TOEFL iBT: your opportunity for scholarships and jobs abroad

If you are trying to gain admission into universities where instruction is in English and this is not your native language, you will have to pass the TOEFL iBT (Test of English as a Foreign Language Internet-based test). The reason for this is simple: Academic institutions want to be sure that you can read, write, and comprehend spoken English so that you can succeed in the college classroom. Sometimes, this test will also be used to evaluate you by many governments, licensing, and certification agencies, or exchange and scholarship programs.
This post will help non-native speakers build or renew vital vocabulary skills. Vocabulary is a broad topic, and it forms the foundation for reading comprehension, grammar, and spelling. For the TOEFL iBT, you will not be allowed to use a dictionary, thesaurus, or other reference tools to help you with unfamiliar words. In general, the better your basic vocabulary skills are, the better you will do on the entire TOEFL iBT.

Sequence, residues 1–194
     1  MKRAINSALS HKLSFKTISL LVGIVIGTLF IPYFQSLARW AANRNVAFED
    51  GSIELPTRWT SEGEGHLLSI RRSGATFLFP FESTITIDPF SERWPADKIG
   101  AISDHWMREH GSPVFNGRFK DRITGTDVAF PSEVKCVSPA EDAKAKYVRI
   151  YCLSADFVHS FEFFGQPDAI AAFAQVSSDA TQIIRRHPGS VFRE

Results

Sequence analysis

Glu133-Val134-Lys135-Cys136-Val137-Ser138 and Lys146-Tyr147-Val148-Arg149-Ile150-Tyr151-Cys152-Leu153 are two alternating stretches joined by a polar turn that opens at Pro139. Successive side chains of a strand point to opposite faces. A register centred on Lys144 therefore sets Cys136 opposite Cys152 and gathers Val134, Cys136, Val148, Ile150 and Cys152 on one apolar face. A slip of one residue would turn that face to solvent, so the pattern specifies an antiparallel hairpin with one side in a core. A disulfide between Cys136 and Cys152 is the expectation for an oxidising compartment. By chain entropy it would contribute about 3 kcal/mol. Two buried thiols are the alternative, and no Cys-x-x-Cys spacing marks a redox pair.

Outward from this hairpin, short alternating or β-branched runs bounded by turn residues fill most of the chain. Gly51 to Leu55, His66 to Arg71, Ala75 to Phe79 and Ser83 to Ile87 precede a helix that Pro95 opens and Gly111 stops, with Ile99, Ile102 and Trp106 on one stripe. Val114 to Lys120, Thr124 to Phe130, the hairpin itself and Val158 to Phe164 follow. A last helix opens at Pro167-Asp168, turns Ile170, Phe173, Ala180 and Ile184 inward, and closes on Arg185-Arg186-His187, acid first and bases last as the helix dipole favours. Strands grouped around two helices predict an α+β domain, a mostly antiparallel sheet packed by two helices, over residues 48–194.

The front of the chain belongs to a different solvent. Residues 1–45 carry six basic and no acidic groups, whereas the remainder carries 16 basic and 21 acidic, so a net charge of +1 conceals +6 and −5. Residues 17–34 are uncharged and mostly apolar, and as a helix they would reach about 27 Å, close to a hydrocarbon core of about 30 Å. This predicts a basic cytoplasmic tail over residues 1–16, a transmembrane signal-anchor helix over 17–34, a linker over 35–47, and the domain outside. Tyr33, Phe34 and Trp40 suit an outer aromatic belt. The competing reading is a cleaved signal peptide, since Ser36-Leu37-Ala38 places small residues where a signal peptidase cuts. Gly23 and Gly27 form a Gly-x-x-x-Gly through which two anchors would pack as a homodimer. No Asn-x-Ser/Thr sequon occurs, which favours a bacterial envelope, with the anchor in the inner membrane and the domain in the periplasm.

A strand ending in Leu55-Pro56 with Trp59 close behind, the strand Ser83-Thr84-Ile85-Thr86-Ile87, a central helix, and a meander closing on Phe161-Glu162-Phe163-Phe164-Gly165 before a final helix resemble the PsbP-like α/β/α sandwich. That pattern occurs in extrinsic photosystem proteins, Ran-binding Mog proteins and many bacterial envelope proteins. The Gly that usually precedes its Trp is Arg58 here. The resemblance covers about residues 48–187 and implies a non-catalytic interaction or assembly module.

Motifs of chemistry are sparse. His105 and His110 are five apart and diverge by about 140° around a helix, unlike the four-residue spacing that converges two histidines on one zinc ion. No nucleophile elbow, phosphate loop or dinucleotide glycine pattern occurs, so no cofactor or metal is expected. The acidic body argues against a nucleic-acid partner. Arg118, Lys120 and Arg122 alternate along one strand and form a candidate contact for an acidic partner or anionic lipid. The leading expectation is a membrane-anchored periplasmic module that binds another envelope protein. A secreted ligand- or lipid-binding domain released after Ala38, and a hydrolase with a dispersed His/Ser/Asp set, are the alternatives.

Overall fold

Whether your exam is months away or coming up in a few weeks, this post will help you prepare. Begin getting ready for the TOEFL iBT by creating a study plan for yourself. Determine how much time you have until the test day, and then decide how much time you can devote to studying each week. We suggest that you choose a time each day to improve your vocabulary. Think about when would be the best time for you. It may be first thing in the morning, during your commute to work, or before you go to bed at night. Whenever the time is right, just make sure you do it regularly—at least five days a week for a month. Once you establish a study plan for yourself, you should stick as closely as you can to your plan. Always keep your end goal in mind. If you study hard the first time, chances are you will not have to take this exam again—ever!

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